Fort Myers, Florida

Fort Myers, Florida
City of Fort Myers, Florida
—  City  —
Fort Myers
Nickname(s): City of Palms
U.S. Census Bureau map showing city limits
U.S. Census Bureau map showing city limits
Coordinates: 26°37′54″N 81°51′26″W / 26.63167°N 81.85722°W / 26.63167; -81.85722Coordinates: 26°37′54″N 81°51′26″W / 26.63167°N 81.85722°W / 26.63167; -81.85722
Country  United States
State  Florida
County  Lee
Founded March 24, 1886
 – Mayor Randy Henderson, Jr.
 – City 40.4 sq mi (104.7 km2)
 – Land 31.8 sq mi (82.4 km2)
 – Water 8.6 sq mi (82.4 km2)  21.25%
Elevation 10 ft (3 m)
Population (2010)[1]
 – City 62,298
 – Density 1,541.1/sq mi (595/km2)
 – Metro 618,754
  2010 U.S. Census
Time zone EST (UTC-5)
 – Summer (DST) EDT (UTC-4)
ZIP codes 33900-33999
Area code(s) 239
FIPS code 12-24125[2]
GNIS feature ID 0282700[3]

Fort Myers is the county seat[4] and commercial center of Lee County, Florida, United States. Its population was 62,298 in the 2010 census,[1] a 29.23 percent increase over the 2000 figure.

The city is one of two major cities that make up the Cape Coral-Fort Myers Metropolitan Statistical Area, the other being Cape Coral. The 2010 population for the metropolitan area was 618,754.[1]

Established in 1886, Fort Myers is the historical and governmental hub of Lee County. It is the gateway to the Southwest Florida region, which is a major tourist destination in Florida. The winter homes of Thomas Edison (Seminole Lodge) and Henry Ford (The Mangoes), which are both primary tourist attractions in the region, are located on McGregor Boulevard in Fort Myers.

On August 13, 2004, Fort Myers was hit hard by Hurricane Charley, a Category 4 hurricane that made landfall north of the area. In 2005, Hurricane Wilma struck south of Naples, but caused extensive damage nonetheless in Fort Myers and its southern suburbs.

Southwest Florida International Airport (RSW) is located southeast of the city in South Fort Myers, near Gateway and Lehigh Acres.



Typical architecture in downtown Fort Myers

Fort Myers was one of the first forts built along the Caloosahatchee River as a base of operations against the Seminole Indians. Fort Denaud, Fort Thompson, and Fort Dulany (Punta Rassa) all pre-date Fort Myers. When a hurricane destroyed Fort Dulany in October 1841, the military was forced to look for a site less exposed to storms from the Gulf of Mexico. As a result of the search, Fort Harvie was built on the grounds that now comprise downtown Fort Myers. Renewed war against the Seminoles in 1850 caused a re-occupation and extensive reconstruction of Fort Harvie.

Fort Harvie began in 1850 as a military fort in response to Seminole Indians who were in conflict with the area's settlers. It was renamed in 1850 for Col. Abraham C. Myers, who was stationed in Florida for seven years and was the son-in-law of the fort's founder and commander. In 1858, after years of elusive battle, Chief Billy Bowlegs and his warriors were persuaded to surrender and move west, and the fort was abandoned. Billy Creek, which flows into the Caloosahatchee River and runs between Dean Park and Fort Myers Broadcasting, was named after a temporary camp where Billy Bowlegs and his men awaited ships to take them west.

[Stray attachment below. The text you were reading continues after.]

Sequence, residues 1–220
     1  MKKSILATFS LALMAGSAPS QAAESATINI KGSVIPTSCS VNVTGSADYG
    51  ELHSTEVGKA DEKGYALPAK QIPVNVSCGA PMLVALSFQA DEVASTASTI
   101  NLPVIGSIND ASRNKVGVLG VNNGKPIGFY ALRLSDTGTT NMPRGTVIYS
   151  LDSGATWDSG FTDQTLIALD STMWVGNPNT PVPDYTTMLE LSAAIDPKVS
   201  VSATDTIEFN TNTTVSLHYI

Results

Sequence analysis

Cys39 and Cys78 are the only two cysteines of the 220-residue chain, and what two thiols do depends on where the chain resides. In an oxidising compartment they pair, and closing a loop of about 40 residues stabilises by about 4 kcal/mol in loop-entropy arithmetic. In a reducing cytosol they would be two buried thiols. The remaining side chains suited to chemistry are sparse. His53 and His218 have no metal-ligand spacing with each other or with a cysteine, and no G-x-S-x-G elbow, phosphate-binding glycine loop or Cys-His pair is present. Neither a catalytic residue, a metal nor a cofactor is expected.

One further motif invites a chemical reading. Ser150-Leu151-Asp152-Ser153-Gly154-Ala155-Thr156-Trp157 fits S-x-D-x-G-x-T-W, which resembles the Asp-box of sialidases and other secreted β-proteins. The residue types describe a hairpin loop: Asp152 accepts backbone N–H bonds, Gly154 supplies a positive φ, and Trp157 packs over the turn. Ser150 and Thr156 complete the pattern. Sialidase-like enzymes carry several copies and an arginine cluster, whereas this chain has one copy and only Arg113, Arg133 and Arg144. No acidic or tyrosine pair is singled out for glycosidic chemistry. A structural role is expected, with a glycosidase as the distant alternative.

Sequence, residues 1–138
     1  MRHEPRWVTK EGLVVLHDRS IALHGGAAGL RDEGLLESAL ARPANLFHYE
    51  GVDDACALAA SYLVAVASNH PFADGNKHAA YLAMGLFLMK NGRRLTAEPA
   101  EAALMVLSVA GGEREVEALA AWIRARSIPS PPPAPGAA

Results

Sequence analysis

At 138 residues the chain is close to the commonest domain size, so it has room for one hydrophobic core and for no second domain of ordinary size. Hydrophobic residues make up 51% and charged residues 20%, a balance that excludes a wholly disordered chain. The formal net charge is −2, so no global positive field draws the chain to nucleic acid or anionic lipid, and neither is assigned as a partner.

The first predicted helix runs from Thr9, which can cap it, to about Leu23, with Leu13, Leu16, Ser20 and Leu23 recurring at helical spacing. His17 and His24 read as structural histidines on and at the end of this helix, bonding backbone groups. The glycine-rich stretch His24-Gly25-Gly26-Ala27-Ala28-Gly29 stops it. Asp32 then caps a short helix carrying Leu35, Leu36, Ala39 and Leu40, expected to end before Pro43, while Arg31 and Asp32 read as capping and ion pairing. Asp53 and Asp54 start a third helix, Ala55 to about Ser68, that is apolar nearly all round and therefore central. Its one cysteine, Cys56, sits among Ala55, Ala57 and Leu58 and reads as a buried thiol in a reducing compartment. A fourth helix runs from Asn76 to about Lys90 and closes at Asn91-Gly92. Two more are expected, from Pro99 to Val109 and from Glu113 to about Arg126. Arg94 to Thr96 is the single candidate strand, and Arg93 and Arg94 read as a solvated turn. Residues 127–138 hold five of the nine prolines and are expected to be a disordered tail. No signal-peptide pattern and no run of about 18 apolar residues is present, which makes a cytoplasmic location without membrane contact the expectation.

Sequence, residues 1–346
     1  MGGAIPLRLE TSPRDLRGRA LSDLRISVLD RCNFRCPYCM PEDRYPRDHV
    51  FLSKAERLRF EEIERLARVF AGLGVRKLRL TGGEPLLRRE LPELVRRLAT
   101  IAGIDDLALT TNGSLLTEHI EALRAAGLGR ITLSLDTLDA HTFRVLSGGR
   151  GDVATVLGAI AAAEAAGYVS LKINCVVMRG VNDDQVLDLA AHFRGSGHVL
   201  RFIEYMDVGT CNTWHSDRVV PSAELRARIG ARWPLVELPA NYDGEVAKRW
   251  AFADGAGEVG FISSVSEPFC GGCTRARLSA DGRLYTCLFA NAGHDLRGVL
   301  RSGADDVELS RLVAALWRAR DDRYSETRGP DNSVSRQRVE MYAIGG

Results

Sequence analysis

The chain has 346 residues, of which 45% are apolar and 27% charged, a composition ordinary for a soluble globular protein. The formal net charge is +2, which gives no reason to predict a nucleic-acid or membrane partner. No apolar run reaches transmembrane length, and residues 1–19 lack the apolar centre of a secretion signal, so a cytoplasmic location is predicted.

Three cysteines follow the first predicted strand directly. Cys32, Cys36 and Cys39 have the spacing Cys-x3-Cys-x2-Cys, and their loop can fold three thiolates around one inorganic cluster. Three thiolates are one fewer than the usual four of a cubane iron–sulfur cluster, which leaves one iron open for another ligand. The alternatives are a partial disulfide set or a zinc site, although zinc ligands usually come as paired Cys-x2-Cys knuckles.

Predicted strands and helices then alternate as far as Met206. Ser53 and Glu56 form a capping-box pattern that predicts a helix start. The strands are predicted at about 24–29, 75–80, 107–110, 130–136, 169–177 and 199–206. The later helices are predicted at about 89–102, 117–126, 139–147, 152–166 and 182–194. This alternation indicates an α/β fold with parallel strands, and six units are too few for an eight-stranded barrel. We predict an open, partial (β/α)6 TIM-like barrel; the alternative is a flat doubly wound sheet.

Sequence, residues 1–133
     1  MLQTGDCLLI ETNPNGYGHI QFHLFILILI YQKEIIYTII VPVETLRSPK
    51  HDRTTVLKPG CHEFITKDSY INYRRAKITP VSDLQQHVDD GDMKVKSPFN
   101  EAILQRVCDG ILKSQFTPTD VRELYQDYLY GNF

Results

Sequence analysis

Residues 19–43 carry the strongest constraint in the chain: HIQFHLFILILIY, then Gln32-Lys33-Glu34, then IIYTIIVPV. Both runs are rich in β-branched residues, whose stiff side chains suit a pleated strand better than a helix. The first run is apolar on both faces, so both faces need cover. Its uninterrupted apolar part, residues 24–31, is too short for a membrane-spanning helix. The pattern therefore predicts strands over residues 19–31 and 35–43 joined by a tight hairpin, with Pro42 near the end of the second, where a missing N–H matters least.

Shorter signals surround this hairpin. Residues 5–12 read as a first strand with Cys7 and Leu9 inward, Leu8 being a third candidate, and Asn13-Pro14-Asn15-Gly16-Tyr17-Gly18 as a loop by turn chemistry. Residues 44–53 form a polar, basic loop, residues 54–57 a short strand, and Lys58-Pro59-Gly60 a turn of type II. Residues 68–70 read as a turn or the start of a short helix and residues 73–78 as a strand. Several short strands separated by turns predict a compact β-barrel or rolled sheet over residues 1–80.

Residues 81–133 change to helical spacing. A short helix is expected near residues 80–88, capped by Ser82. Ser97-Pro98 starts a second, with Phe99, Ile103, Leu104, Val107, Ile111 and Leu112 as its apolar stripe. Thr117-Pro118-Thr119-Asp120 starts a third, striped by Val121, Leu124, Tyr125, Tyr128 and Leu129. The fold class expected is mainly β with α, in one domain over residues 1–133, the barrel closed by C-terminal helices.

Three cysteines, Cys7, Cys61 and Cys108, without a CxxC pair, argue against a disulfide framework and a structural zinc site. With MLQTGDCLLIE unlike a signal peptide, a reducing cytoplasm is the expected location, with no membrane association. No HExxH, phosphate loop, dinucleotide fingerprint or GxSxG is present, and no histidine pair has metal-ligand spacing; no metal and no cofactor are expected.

The fort was abandoned and stood empty until December 1863, when Union Army troops re-occupied it during the Civil War. On February 20, 1865, the fort was attacked by three companies of Florida militia, determined to end the Union cattle raids against local ranches. The Confederate state troops demanded the fort surrender, but the Union commander refused, and sporadic firing continued through most of the day. The Confederates retreated after dark. One Union soldier was killed and three wounded in the Battle of Fort Myers. One Florida militiaman had been wounded. Even though the attack had been driven off, the Union troops abandoned Fort Myers the following month.

The first settlers arrived in 1866, but not until 1882 did the area experience a significant influx of settlers. Three years later, however, when Fort Myers was incorporated, it was the second largest city after Tampa on Florida's west coast south of Cedar Key, larger than Clearwater and Sarasota, also growing cities at the time.

Fort Myers first became a nationally known winter resort with the building of the Royal Palm Hotel in 1898.[5] Access was greatly improved with the opening of a 28-mile (45 km) extension of the Atlantic Coast Line Railroad from Punta Gorda to Fort Myers on May 10, 1904, giving Lee County both passenger and freight service.[6] But what really sparked the city's growth was the construction of the Tamiami Trail Bridge across the Caloosahatchee River in 1924. After the bridge's construction, the city experienced its first real estate boom, and many subdivisions sprouted around the city.

Geography and climate

Fort Myers and Cape Coral from space, July 1997.

According to the United States Census Bureau, the city has a total area of 40.4 square miles (105 km2). 31.8 square miles (82 km2) of it is land, and 8.6 square miles (22 km2) of it (21.25%) is water.

Fort Myers has a year-round warm, monsoon-influenced climate that is classified as either subtropical (by NOAA)[7] or tropical savanna (Köppen Aw).[8] Notwithstanding the classification, the area has short, mild to warm winters, and long, hot, humid summers, with most of the year's rainfall falling from June to September. Monthly averages range from 64.9 °F (18.3 °C) in January to 83.1 °F (28.4 °C) in August, with the annual average being 74.9 °F (23.8 °C). Records range from 25°F to 104°F.[citation needed]

Climate data for Fort Myers (1971-2000)